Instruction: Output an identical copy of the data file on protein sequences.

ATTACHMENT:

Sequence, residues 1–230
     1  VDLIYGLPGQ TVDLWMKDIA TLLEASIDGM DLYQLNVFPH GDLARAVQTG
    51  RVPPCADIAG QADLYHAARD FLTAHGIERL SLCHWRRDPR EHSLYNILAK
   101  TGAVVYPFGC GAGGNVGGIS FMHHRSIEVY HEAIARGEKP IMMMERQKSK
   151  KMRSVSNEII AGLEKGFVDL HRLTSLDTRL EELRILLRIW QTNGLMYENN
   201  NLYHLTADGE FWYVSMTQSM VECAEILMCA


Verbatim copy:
Sequence, residues 1–230
     1  VDLIYGLPGQ TVDLWMKDIA TLLEASIDGM DLYQLNVFPH GDLARAVQTG
    51  RVPPCADIAG QADLYHAARD FLTAHGIERL SLCHWRRDPR EHSLYNILAK
   101  TGAVVYPFGC GAGGNVGGIS FMHHRSIEVY HEAIARGEKP IMMMERQKSK
   151  KMRSVSNEII AGLEKGFVDL HRLTSLDTRL EELRILLRIW QTNGLMYENN
   201  NLYHLTADGE FWYVSMTQSM VECAEILMCA